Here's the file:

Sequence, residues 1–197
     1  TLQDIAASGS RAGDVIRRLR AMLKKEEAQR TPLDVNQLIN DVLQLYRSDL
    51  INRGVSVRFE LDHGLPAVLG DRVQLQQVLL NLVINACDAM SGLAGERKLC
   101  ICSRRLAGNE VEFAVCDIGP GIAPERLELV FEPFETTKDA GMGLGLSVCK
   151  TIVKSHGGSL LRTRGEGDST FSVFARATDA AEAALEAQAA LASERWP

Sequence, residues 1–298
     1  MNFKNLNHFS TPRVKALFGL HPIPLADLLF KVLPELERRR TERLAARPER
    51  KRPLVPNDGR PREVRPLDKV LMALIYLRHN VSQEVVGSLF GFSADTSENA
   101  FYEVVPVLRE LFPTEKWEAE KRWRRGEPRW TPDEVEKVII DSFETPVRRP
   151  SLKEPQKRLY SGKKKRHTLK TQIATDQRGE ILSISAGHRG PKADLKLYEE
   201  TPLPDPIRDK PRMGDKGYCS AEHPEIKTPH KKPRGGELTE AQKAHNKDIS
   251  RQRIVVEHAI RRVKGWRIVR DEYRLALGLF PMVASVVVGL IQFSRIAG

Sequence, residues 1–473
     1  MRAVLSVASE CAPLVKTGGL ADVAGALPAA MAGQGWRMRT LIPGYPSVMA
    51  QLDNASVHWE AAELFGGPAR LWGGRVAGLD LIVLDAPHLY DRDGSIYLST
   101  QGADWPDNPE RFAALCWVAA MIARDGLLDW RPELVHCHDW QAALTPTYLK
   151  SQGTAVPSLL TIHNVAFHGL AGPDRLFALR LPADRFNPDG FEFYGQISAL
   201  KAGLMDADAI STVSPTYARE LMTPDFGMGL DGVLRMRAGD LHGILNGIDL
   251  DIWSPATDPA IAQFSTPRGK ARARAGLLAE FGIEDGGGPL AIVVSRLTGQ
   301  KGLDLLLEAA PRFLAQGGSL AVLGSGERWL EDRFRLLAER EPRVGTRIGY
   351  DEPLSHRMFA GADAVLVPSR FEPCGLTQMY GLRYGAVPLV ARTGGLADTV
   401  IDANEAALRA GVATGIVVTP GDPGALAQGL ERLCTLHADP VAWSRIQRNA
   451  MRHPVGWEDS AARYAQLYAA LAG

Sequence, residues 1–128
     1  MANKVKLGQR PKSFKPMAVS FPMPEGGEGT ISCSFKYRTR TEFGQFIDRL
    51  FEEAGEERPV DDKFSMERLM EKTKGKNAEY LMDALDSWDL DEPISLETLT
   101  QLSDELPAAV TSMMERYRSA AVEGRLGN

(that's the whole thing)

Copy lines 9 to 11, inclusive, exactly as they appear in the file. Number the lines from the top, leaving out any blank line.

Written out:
   101  FYEVVPVLRE LFPTEKWEAE KRWRRGEPRW TPDEVEKVII DSFETPVRRP
   151  SLKEPQKRLY SGKKKRHTLK TQIATDQRGE ILSISAGHRG PKADLKLYEE
   201  TPLPDPIRDK PRMGDKGYCS AEHPEIKTPH KKPRGGELTE AQKAHNKDIS